Families First Coronavirus Response Act Passed: What Employers Need to Know

Over the weekend, the U.S. House of Representatives passed the Families First Coronavirus Response Act (the FFCRA). The FFCRA was sent to the Senate, with some amendments to the original bill. It was passed by the Senate and signed by President Trump on March 18, 2020; it becomes effective in fifteen days, on April 2, 2020. This is one of several relief acts expected to deal with the Coronavirus Pandemic.

There are a number of divisions of the FFCRA. For employers and employees there are two provisions with immediate impact. Division C, the “Emergency Family And Medical Leave Expansion Act,” provides leave, part of which is paid, to employees who cannot work in order to care for children under 18 who are home related to school and childcare closures. Division E, the “Emergency Paid Sick Leave Act,” provides paid sick leave for certain employees. Both Divisions apply to employers with less than 500 employees. For employers, an additional section, Division G –“Tax Credits For Paid Sick And Paid Family And Medical Leave” is also important and provides tax credits for both of the paid leave benefits required under Divisions C and E.

Both the benefits under the Emergency Family and Medical Leave Expansion Act (Emergency FMLA) and the Emergency Paid Sick Leave Act (Emergency Sick Leave) will be available April 2, 2020 and expire December 31, 2020.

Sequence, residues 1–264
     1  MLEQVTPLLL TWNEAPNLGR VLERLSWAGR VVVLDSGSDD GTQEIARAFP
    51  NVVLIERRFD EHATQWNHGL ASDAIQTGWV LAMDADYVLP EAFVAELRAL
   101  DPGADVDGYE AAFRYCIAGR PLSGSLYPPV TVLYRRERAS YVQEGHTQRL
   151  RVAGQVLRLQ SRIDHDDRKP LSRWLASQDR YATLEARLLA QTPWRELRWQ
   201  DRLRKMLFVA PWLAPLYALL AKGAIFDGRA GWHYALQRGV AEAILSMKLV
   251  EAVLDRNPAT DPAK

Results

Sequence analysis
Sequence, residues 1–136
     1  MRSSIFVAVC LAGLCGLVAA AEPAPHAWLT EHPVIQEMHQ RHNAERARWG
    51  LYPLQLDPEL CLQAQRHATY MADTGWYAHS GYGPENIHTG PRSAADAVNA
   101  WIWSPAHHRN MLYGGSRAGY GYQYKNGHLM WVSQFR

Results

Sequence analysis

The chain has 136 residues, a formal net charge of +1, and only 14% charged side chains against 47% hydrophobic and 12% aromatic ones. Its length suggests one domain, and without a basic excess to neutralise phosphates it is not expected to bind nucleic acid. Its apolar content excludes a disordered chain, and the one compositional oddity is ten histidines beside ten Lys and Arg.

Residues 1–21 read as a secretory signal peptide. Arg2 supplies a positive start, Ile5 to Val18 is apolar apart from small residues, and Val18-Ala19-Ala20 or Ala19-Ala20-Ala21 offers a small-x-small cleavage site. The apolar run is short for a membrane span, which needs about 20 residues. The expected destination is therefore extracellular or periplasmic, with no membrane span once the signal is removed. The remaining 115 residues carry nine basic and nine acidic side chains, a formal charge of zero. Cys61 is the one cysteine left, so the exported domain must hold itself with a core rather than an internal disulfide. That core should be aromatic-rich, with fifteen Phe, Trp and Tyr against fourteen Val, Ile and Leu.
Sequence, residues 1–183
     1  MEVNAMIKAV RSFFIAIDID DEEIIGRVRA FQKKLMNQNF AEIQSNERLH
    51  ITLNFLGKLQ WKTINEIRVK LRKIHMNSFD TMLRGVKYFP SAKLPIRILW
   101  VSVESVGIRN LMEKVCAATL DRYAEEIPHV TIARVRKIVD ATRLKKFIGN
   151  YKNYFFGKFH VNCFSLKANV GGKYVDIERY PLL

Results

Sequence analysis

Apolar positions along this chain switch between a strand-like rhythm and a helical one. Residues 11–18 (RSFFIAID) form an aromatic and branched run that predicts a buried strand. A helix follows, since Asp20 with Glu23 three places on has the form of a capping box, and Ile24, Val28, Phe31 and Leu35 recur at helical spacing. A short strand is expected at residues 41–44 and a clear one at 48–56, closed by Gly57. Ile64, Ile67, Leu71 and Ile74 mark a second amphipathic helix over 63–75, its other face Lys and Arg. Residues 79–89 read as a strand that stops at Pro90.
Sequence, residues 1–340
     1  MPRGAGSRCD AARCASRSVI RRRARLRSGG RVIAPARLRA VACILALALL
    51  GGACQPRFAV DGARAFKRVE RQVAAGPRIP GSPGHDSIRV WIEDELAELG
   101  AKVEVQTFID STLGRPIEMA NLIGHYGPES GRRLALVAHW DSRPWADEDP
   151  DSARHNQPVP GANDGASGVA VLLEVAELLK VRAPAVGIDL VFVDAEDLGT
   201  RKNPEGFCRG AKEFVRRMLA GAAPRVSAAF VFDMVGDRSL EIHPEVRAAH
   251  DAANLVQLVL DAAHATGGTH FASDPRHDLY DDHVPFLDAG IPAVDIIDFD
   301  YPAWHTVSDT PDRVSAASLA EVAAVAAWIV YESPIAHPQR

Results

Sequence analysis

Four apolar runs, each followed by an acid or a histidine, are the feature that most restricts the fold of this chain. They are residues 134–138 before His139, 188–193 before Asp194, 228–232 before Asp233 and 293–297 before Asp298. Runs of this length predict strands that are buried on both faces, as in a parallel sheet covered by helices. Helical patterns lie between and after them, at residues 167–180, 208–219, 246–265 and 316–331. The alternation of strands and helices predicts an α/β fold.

The Emergency FMLA amends the existing Family and Medical Leave Act of 1993 (FMLA) in several significant ways:

  1. The Emergency FMLA applies to employers with less than 500 employees.
  2. Employees are eligible for leave under the Emergency FMLA if he or she has been employed with the employer or for at least 30 calendar days. (This expands coverage beyond the FMLA which requires employment for 12 months.)
  3. The Emergency FMLA provides leave when there is a “Qualifying Need Related to a Public Health Emergency.” This means that the employee is unable to work or telework because the employee must provide care for a child under 18 where the child’s school or place of care has been closed, or the childcare provider is unavailable, due to the public health emergency. For purposes of the Emergency FMLA, “Public Health Emergency” means an emergency with respect to COVID-19 which has been declared by a federal, state or local authority.
  4. Leave is available up to 12 weeks and part of it is paid:
    1. The first 10 days of such leave may be unpaid (but see section on Emergency Sick Leave below which may apply in this period). In the employees’ discretion (the employer may not require substitution of paid leave), the employee may elect to substitute accrued vacation leave, personal leave, or medical or sick leave for the unpaid portion of the Emergency FMLA.
    2. After 10 days, the employer must provide paid leave for each day of leave under the Emergency FMLA.
    3. The paid leave shall be not less than two-thirds of the employee’s regular rate of pay and is based on the number of hours the employee would otherwise be normally scheduled to work.
    4. There is a cap on the paid leave – $200.00 per day or $10,000.00 in the aggregate.
  1. Like the FMLA, the Emergency FMLA provides for job restoration, except that job restoration is not required for employers with fewer than 25 employees if: